A broader market sell-off during the last quarter of 2018 has made the new year a great time to be buying stocks. Sure, there's no guarantee that stocks won't continue falling over the next three to six months, but it's very likely that opportunistic investors who are buying amid this sell-off will be happy they did so five to 10 years from now. After all, stocks have risen nicely over the decades, despite the Great Recession, bubbles, terrorist attacks, and wars.
With that said, if you're brave enough to get a bit greedy while the rest of the market is fearful, here's one stock to consider: financial-technology company Square (NYSE: SQ). On the heels of accelerating growth and strong product launches, Square stock looks like a good buy, particularly after its recent sell-off.
Here are three reasons to consider adding Square stock to your portfolio.
Square Register. Image source: Square.
1. Its momentum is undeniable
In Square's third quarter of 2018, the company reported some impressive growth. Revenue rose 51% year over year, and adjusted revenue increased 68% over the same timeframe. These growth rates compare with 48% and 60% year-over-year growth in the second quarter of 2018, respectively.
Driving home how significant Square's momentum is, this was the company's sixth quarter in a row of accelerating revenue growth.
2. Square's newest products are compelling
In recent years, Square has launched some significant new products, showing how the company still has room to expand its ecosystem and scale its business.
In October 2017, Square launched Register -- a high-end checkout product. Then last spring, Square launched Square for Restaurants, a fully integrated point-of-sale system for restaurants. These products extend a growing list of impressive execution with product launches in recent years. Other major products launched since 2014 include Square Capital, Virtual Terminal, Caviar, Invoices, Instant Deposit, and Build With Square APIs (application programming interfaces).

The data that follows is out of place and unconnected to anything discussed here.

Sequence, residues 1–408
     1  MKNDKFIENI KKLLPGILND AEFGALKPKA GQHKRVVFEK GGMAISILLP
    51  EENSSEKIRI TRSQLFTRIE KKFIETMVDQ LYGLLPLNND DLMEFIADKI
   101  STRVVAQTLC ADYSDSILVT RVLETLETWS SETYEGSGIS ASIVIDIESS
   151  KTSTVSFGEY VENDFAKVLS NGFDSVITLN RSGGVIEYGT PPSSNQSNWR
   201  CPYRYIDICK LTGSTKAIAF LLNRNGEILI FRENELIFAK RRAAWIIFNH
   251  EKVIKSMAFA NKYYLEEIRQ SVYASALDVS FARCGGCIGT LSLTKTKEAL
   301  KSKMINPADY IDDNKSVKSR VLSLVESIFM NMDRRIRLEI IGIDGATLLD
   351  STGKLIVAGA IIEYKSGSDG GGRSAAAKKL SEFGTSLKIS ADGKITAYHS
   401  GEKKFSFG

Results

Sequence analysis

2. Larger sellers are coming to Square
Finally, one way Square could keep up an uncanny growth rate in 2019 is with the company's momentum with larger sellers. Though Square initially gained popularity by catering to small businesses with easy-to-use payment processing tools, the company has since expanded to more comprehensive offerings that are attracting larger sellers.
To that end, 24% of Square's gross payment volume in its third quarter came from sellers with $500,000 in annualized gross payment volume (GPV) or more. That figure was up from 16% in the third quarter of 2016 and 20% in the third quarter of 2017. Furthermore, Square said in its third-quarter shareholder letter that GPV from sellers with $125,000 or more in annual sales was up 41% year over year, while overall gross payment volume increased 29% year over year.
Given Square's strong overall growth, its impressive cadence of new product launches, and its momentum with larger sellers, the stock's 42% decline gives investors interested in the stock a great entry point into a company with strong tailwinds.
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Daniel Sparks owns shares of Square. The Motley Fool owns shares of and recommends Square. The Motley Fool has the following options: short January 2019 $80 calls on Square. The Motley Fool has a disclosure policy.